Three environmental groups filed a federal lawsuit Tuesday claiming that the Army Corps of Engineers did not fully assess the effects of a controversial $1 billion hydropower corridor and that it coordinated closely with the proposed project’s sponsor, Central Maine Power.
The Appalachian Mountain Club, the Natural Resources Council of Maine and the Sierra Club Maine filed the lawsuit after obtaining a copy of the Army Corps’ environmental assessment, which was completed on July 7 but not released to the public. The report, obtained through a Freedom of Information Act request, found the corridor would have no significant environmental impacts, the groups said.
The three groups are asking the court to dismiss what they say is a less rigorous July report and require the Army Corps to conduct an environmental impact statement that fully assesses the transmission line’s impact on the environment and communities of western Maine and evaluate CMP’s claims of climate benefits from the power corridor.
“The CMP corridor would permanently fragment valuable wildlife habitat and remove riparian forest cover from hundreds of streams in the last stronghold for native brook trout in the country,” Susan Arnold, vice president for conservation of the Appalachian Mountain Club, said.
She said the Army Corps’ lack of a full environmental assessment is “legally unsupportable.” This level of review was provided to competing projects in Vermont and New Hampshire, she said. The U.S. Environmental Protection Agency had written a letter to the Army Corps in April 2019 asking it to conduct a complete analysis of alternative routes the corridor might take.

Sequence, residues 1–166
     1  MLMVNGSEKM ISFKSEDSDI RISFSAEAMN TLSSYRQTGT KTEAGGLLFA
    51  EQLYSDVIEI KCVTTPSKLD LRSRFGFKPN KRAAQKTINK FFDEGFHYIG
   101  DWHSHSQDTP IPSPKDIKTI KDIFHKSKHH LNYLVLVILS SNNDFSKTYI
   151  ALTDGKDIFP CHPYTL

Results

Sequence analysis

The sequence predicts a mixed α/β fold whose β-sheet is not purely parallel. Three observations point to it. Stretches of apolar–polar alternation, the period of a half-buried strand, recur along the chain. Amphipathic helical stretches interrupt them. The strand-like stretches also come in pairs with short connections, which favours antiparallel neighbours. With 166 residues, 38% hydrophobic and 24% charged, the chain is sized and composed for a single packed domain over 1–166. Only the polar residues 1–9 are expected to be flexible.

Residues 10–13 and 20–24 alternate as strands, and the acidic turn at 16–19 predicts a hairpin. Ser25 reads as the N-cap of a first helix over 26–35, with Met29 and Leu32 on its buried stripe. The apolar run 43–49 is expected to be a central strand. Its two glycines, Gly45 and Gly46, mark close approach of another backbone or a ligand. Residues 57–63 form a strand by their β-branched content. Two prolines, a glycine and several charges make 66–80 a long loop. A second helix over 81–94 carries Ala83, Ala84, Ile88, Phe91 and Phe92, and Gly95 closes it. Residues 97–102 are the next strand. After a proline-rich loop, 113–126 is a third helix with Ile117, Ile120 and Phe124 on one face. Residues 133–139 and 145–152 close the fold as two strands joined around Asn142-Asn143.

Sandra Howard, director of Say No to NECEC, a group that opposes the CMP corridor, said the full scope of this project’s environmental impacts has not been revealed by the Army Corps’ review process.
Army Corps spokesman Bryan Purtell said the Corps has no comment at this time.
John Breed, executive director of the pro-corridor group Clean Energy Matters, characterized the lawsuit as an effort to derail the project.
“After two years, millions of dollars and more than a dozen attempts to use legal action to derail the clean energy corridor, the [Natural Resources Council of Maine] and its allies have yet to succeed,” he said.
The argument of the trio of environmental groups revolves around whether the proposed project would “significantly affect the quality of the human environment.” If it would not have a significant impact, the current Army Corps assessment would be adequate, the groups said.
But if there is a significant impact, as they allege, the fuller assessment is required. The fuller study would include more public input and a deeper analysis of whether alternative routes should have been pursued, along with direct and indirect environmental impacts of the project.
The Army Corps’ analysis in July found that the project did not significantly affect the quality of the human environment. It said it looked at impacts including conservation, aesthetics, wetlands, fish and wildlife values, water supply and conservation and the needs and welfare of the people. It recommended that the Army Corps issue its permit.